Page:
Metaverse Stocks: What If Mark Zuckerberg Is Wrong About the Metaverse? – TheStreet

Predicting the next big thing has been notoriously hard.

Remember when 3D printers were the future? How about the upcoming dominance of 3D television or people fleeing New York City never to return? How about when Napster seemed like the future of the music industry or MySpace seemed like an unstoppable social media powerhouse.

A lot of next-big-things become either not a thing or a much smaller thing than people expected. 3D printing, for example, has not become a major part of life for the average American but it may prove very valuable for use in space travel largely because you may not pack absolutely everything you need for your decades-long trip to live on Mars.

In some cases, the next big thing ends up being important, but not quite as important as we expected. The internet has not killed brick-and-mortar retail or even taken 20% of its sales. Digital books have done a lot better, topping out at around half of the market, but printed books remain a thing.

Nobody doubts that the Metaverse has its uses, but Mark Zuckerberg believes in it so much he has bet Facebook’s future on it to the point of renaming his company Meta (FB) – Get Meta Platforms Inc. Class A Report. That would be like if Amazon (AMZN) – Get, Inc. Report, which filed for a number of 3D printing patents, had ditched its name and become 3DP.

Zuckerberg might be wrong — and one prominent CEO thinks he is — putting the brakes on the metaverse enthusiasm during a recent television appearance.

Facebook Metaverse Lead

Jakub Porzycki/NurPhoto via Getty Images

What if People Want Reality and Not Virtual Reality?

The internet has been flooded with stories about people plunking down seemingly absurd sums of money for pieces of metaverse real estate. That might mean virtual land for your real pet (which will struggle to appreciate the purchase) or some other not-real purchase that seems like a good idea that may actually prove as valuable as buying someone a star for Christmas from a cable commercial.

Expedia (EXPE) – Get Expedia Group, Inc. Report CEO Peter Kern thinks that people will actually remain more interested in the real world and he said as much Friday on CNBC.

“I don’t see [the metaverse] as a competitive threat. We’re certainly, like everyone else in the world, sort of intrigued by it … but we’re pretty much about the ‘real-verse,’” Kern said in a “Squawk on the Street” interview.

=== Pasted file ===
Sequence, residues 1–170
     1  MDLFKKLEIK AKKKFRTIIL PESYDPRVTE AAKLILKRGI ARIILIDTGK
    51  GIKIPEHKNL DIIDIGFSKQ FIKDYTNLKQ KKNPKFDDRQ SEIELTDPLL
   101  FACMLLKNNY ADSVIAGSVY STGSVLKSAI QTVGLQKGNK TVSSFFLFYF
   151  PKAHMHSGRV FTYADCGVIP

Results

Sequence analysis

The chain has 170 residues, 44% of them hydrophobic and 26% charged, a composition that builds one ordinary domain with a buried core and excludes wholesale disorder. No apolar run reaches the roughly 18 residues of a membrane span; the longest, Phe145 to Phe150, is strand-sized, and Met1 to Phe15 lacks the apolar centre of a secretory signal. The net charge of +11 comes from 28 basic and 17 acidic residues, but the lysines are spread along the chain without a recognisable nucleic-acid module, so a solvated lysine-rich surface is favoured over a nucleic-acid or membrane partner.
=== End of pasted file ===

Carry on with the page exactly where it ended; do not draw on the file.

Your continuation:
The CEO drove that point home and said that he did not expect virtual experiences to replace real experiences.

“And I don’t think the metaverse, in my lifetime, will ever make up for being in Paris, being in Rome, being in a National Park,” he said. “There is just no replacement for that, and those experiences are what changes our lives. And I don’t think that’s the same with a headset on, on your couch.”

Mark Zuckerberg Thinks He Is Wrong

Zuckerberg believes that we’re “at the next chapter for the internet and he laid out what he thinks will happen next in a letter that was released at the time Facebook took on the Meta name.

The next platform will be even more immersive — an embodied internet where you’re in the experience, not just looking at it. We call this the metaverse, and it will touch every product we build.

The defining quality of the metaverse will be a feeling of presence — like you are right there with another person or in another place. Feeling truly present with another person is the ultimate dream of social technology. That is why we are focused on building this.

In the metaverse, you’ll be able to do almost anything you can imagine — get together with friends and family, work, learn, play, shop, create — as well as completely new experiences that don’t really fit how we think about computers or phones today.

Or, people will still “get together with friends and family, work, learn, play, shop, create,” and more the same way they do today. Yes, the metaverse will exist — just like Zoom calls exist for when getting together isn’t convenient, but maybe most people don’t want to give up reality for virtual reality?

Kern did admit, albeit fairly tongue in cheek, that the Facebook founder/Meta CEO may be proven right.

“Maybe I’ll be wrong,” he said. “Maybe in 100 years we will all be batteries, and sitting around with headsets on, but for the foreseeable future we feel pretty good about people wanting to be out in the world.”


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